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Hurricane Ike
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Hurricane Ike


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    • 1. By Donald Johnson September 23, 2008 Looking out for Ike Hurricane Ike was the ninth named storm, fifth hurricane and third major hurricane of the 2008 Atlantic hurricane season .
    • 2. Cape Verde-type hurricane Cape Verde-type hurricanes typically develop from tropical waves which form in the African savanna during the wet season, then move into the African steppes . The disturbances move off the western coast of Africa and become tropical storms or tropical cyclones near the Cape Verde Islands, usually in August or September.
    • 3. Three days before landfall, Houston still held hope that most of this storm would pass to the south.
    • 4. Leaving town Residents of the Edgewater Retirement Community in Galveston evacuate of Ike on Sept. 11, 2008 .
    • 5. Lt. Gov. calls for evacuation Interviewed on CNN, Lt. Gov. David Dewhurst said: "We've just convinced earlier this morning the mayor of Galveston to order an evacaution, so we're trying to get everyone out ..." About 40% stayed.
    • 6. The day before “ Persons not heeding evacuation orders in single-family one- or two-story homes will face certain death,” the weather service said in a local bulletin to residents of Galveston Island, according to the New York Times . “Many residences of average construction directly on the coast will be destroyed.” They weren’t kidding!
    • 7.  
    • 8. Catch a Wave September 12, 2008-- Sylvia Renteria watches a big wave caused by Hurricane Ike crash into the seawall in Galveston
    • 9. Gas gouging? Wholesale gasoline prices on the Gulf Coast moved even further into uncharted territory to around $4.85 a gallon on fears of vast fuel shortages as the hurricane honed in on the mass of refineries that line the upper Texas coast. The region accounts for about one-fifth of the nation's petroleum refining capacity .
    • 10. Boarding up CNN’s Anderson Cooper hung out at Galveston’s Hotel Galvez during the storm, occasionally stepping outside to show how the winds were picking up.
    • 11. Katy, Texas the evening before the storm.
    • 12. The storm drove a wall of water that flooded Galveston and submerged a 17-foot sea wall built to protect the city after a 1900 hurricane killed at least 8,000 people. More than half its 60,000 residents had fled as the track shifted northwards.
    • 13. A ruptured gas line is believed to have been ignited causing this blaze. Firemen were unable to respond.
    • 14. Despite strong warnings from government officials , more than ten thousand people chose to stay in coastal areas as Ike approached.
    • 15. After the storm, many of those who didn’t evacuate had to be rescued. Port Arthur Police SWAT search and rescue team heads into the flooded areas of Sabine Pass, Texas, Sept. 14, 2008, looking to help victims of Hurricane Ike. (AP Photo/Eric Gay)
    • 16. The town of Clear Lake Shores in Galveston County
    • 17. The Aftermath State Highway 146 in Seabrook
    • 18. Debris litters I-45 coming from Galveston.
    • 19.  
    • 20. Floodwaters surround houses near Winnie.
    • 21. A worker inspects damage in front of the JP Morgan Chase Tower in downtown Houston. Many windows were damaged.
    • 22. Ike kills 28 The number of Houston-area deaths attributed to Hurricane Ike crept to 28 Monday as officials released some of the names of those killed during and after the storm. Aerial shot of Crystal Beach shows Ike’s devastation.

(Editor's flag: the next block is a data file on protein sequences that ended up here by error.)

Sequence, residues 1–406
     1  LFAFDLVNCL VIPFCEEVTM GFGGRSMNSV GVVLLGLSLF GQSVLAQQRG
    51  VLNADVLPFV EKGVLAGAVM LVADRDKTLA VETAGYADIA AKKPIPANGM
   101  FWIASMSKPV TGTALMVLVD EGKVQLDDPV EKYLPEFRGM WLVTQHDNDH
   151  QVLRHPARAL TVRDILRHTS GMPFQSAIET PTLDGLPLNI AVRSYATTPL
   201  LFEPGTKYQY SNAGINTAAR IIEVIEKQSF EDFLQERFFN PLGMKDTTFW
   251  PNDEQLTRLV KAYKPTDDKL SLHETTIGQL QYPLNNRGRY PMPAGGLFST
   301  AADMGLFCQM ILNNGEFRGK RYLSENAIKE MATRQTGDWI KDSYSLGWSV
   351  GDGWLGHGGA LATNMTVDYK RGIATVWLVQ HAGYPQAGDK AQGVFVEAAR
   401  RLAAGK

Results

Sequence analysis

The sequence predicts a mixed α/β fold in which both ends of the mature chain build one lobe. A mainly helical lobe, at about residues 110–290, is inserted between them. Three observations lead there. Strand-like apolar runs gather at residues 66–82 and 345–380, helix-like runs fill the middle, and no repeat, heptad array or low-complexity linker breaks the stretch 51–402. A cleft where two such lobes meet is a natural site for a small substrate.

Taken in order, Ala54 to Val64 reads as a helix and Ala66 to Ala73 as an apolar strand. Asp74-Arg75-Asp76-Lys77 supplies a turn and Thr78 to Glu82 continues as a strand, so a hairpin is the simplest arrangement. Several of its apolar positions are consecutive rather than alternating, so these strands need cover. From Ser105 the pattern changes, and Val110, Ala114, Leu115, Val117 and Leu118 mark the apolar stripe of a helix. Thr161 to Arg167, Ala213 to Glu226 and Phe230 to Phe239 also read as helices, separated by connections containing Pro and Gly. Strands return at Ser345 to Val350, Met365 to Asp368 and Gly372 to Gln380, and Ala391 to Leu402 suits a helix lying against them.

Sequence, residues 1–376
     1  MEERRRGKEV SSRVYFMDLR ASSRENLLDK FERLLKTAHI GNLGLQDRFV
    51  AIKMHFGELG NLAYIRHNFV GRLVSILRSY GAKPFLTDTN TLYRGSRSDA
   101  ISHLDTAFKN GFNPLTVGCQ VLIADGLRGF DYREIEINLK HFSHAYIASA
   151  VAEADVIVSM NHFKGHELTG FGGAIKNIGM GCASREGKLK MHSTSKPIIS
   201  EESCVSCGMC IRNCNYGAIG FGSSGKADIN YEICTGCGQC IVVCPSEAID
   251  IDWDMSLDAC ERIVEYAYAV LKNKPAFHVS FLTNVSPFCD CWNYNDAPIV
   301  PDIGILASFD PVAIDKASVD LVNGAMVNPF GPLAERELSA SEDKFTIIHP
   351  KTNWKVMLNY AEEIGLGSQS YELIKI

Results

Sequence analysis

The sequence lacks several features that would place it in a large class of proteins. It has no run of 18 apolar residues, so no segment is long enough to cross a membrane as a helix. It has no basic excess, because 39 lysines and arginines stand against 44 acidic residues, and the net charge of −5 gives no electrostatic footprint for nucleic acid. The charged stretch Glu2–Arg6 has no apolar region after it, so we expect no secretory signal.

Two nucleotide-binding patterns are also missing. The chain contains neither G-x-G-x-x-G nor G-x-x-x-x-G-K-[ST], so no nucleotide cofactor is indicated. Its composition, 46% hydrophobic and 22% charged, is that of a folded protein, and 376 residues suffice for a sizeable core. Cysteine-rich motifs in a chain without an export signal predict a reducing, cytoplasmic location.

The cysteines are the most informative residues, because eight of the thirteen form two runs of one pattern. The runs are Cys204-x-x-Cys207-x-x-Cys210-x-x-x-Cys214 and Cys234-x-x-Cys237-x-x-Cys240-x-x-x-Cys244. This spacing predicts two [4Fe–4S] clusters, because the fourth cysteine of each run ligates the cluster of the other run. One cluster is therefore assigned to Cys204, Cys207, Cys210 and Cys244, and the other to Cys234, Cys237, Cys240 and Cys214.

• 23. Marine One, with President Bush aboard, takes an aerial tour Ike near Galveston on Sept. 16.
    • 24. Chad Lavergne searches through his Ike-ravaged Bridge City home for personal items.
    • 25. Christina Rigde carries her search and rescue dog Doc after he cut his front paw on glass during search and rescue efforts in downtown Galveston
    • 26. A boat washed ashore rests atop an automobile in Galveston
    • 27. The storm, which caused up to 80 deaths in the Caribbean last week, reduced swathes of Galveston's seafront to matchwood and left the city without water or electricity.
    • 28. The last house left standing A single house is left standing on the waterfront near Gilchrist, Texas, following the destruction caused by Hurricane Ike.
    • 29. Surviving beachfront homes may be condemned anyway As many as 500 homes might not be rebuilt on the water's edge because of a 50-year-old state law.
    • 30. A 1959 law known as the Texas Open Beaches Act. Under the law, the strip of beach between the average high-tide line and the average low-tide line is considered public property, and it is illegal to build anything there.
    • 31. Before and After An aerial photo of the same shoreline taken by the U.S. Geological Survey on September 15 (bottom) illustrates the dramatic destruction the strong Category 2 storm wrought on the coastal community. Yellow arrows mark the same distinguishing features in both images.
    • 32. Crystal Beach Bolivar may have been the hardest hit by Ike's 110 mph winds and estimated 16-foot storm surge. Towns all along the peninsula were virtually flattened by the treacherous winds, rain and floods from Hurricane Ike.
    • 33. Residents of Pasadena receive ice, water and food from members of the Texas National Guard.
    • 34. Floodwaters brought by Ike cover a cemetery in Orange.
    • 35. Hurricane Ike appears to have destroyed a number of production platforms and damaged some of the pipelines in the Gulf of Mexico, federal officials said Sunday.
    • 36. Ike’s devastation Ramona Guidry stands on the steps of her childhood home above flood waters in Barataria, Louisiana.
    • 37. Scott Hayes of the Texas National Guard holds up a muddied set of flags found on Galveston Island in the aftermath of Hurricane Ike.
    • 38.  
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    • 41. Links